Lamu Port – South Sudan-Ethiopia-Transport Corridor project (LAPSSET), a $29.24 billion transport and infrastructure project set to connect Kenya,  South Sudan and Ethiopia will boost intra-Africa trade through AFCFTA.  

Many experts view this Corridor Project  as a gateway to  not only strengthening Kenya’s position as a gateway and a transport and logistics hub to the East African sub-region but also as a trade facilitator to promote regional economic integration and interconnectivity between African countries. 

“LAPSSET creates a great opportunity for Africa to move forward in its regional integration quest but until this and other projects have seen the light of day, the AFCFTA will not succeed as it should,” says Dennis Matanda, CEO Morgenthau Stirling

 The key infrastructure components include Ports, Pipelines, Roads and Railway LAPSSET Corridor program exemplifies remarkable regional potential, and when completed the Project shall avail positive benefits to the regional member states and the continent, as a whole.

While this project connects a population of 160 million people in the three countries, it is part of the larger land bridge that will connect the East African coast from Lamu Port to the West coast of Africa at Douala Port which could support regional integration through AfCFTA.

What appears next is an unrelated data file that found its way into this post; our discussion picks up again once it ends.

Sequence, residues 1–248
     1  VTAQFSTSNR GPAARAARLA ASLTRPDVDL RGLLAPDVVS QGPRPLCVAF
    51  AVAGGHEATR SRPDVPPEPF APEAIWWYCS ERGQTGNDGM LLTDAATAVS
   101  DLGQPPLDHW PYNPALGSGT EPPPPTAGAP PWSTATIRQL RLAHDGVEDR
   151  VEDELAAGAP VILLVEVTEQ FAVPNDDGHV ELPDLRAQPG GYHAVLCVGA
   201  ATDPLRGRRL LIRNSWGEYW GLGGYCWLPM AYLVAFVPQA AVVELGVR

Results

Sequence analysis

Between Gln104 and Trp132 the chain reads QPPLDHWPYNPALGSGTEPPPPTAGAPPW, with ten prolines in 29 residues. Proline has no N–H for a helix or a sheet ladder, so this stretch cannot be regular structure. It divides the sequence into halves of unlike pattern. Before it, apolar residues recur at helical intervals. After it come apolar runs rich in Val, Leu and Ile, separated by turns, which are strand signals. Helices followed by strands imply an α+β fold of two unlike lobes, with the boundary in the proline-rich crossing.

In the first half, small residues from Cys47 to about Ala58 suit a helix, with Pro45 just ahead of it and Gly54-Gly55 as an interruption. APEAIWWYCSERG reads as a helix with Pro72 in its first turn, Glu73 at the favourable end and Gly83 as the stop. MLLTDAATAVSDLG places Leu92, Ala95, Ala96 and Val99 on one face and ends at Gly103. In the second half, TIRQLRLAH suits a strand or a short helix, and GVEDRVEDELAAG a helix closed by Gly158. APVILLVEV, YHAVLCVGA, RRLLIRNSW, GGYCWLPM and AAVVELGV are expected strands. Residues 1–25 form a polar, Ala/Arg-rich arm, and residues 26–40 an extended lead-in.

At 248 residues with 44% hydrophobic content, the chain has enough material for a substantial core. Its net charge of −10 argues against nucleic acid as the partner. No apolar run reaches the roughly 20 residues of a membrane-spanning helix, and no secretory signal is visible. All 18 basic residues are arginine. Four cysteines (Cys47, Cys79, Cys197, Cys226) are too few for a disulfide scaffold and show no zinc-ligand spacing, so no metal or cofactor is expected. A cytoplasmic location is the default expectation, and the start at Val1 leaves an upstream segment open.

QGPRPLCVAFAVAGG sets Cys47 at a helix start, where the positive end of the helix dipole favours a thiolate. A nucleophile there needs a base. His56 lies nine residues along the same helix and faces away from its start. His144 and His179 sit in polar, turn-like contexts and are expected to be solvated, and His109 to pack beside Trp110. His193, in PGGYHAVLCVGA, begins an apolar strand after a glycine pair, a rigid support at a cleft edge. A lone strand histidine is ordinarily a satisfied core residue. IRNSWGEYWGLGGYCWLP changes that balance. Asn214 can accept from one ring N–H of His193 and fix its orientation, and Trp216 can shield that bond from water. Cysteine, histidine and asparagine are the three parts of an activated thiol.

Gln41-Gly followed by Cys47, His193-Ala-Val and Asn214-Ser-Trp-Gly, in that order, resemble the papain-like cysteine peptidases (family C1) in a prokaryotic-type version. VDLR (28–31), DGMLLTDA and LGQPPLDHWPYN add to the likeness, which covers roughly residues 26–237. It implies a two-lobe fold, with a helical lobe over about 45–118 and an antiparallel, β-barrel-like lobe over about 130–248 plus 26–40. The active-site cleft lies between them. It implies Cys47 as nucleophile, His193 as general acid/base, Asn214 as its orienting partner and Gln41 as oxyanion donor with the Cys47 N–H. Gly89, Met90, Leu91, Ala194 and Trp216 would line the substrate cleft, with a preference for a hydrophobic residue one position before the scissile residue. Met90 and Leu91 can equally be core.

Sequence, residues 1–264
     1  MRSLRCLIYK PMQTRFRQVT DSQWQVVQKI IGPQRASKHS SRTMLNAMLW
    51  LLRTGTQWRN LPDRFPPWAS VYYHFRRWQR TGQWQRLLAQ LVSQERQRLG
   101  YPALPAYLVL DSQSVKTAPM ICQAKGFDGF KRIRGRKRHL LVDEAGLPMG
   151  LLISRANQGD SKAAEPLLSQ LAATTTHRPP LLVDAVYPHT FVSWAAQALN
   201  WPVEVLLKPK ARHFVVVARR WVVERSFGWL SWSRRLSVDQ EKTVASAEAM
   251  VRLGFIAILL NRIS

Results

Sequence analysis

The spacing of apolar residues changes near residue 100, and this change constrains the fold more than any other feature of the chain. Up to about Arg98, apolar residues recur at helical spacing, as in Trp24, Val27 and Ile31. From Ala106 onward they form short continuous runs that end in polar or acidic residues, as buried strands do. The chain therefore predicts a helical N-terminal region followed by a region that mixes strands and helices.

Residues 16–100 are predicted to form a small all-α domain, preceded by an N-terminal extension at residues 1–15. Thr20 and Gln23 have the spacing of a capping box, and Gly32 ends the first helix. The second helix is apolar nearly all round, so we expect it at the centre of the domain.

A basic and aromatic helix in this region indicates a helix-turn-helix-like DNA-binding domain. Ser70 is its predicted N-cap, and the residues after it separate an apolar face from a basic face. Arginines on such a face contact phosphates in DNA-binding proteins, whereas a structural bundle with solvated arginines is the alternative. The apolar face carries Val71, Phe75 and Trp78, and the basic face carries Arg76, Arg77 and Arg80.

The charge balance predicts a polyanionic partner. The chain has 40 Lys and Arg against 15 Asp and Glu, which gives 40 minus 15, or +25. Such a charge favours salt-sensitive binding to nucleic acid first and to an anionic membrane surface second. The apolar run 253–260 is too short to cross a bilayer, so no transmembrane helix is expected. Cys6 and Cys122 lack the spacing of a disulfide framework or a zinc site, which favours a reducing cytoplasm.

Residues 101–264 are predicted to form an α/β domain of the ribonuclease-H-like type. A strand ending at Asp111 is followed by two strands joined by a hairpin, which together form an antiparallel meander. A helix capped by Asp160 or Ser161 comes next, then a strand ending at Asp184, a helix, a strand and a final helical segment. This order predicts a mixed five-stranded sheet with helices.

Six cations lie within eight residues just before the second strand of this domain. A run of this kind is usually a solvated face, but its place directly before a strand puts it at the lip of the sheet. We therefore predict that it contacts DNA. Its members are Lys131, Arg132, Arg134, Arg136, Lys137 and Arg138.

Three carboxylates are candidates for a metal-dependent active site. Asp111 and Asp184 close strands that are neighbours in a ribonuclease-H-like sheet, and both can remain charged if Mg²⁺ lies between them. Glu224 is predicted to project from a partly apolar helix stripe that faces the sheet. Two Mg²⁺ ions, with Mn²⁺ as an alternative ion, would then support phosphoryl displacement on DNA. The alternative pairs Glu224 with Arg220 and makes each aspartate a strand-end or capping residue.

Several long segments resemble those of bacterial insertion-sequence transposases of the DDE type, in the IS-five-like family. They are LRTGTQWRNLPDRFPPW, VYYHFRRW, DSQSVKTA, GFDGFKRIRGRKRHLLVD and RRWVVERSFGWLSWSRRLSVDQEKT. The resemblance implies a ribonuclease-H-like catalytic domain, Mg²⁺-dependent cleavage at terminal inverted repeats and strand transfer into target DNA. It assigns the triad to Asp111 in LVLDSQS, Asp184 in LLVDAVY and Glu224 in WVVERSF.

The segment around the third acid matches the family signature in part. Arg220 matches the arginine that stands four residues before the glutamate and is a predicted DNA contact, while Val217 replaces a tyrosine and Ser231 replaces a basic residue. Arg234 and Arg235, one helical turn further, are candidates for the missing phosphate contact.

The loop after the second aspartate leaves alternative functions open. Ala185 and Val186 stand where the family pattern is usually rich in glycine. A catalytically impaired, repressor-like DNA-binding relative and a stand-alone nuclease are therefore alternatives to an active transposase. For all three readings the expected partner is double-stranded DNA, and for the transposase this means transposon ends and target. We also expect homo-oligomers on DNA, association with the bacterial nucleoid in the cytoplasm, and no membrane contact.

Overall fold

The African Union’s plans to develop a network of Trans-African Highways to connect the main cities and centres of production and consumption in the continent, will create opportunities for Africa to overcome the current fragmentation of cross-border road transport regulation.  While this is expected to open up a debate on the possibility to develop a regulatory framework at continental level, the introduction of a pan-African transit guarantee system will be required for days ahead.

“The main challenge facing this infrastructure projects is the need for significant investments. If Africa wants to resolve AfCFTA problems, it needs to have over $100 billion invested into infrastructure every single year,” says Matanda

“What’s also very interesting about African infrastructure is that it pays. In fact, investing in African infrastructure is more secure than investing in America. Because what you have in Africa is sovereign guarantees. Even if you cannot get a sovereign guarantee from a country like South Sudan because its rating is lower. Financial institutions like the African bank, the AfDB will come in as an investment grade institution,” reiterates Matanda.

Spread the love
Written by

Be the first to know

Get our stories first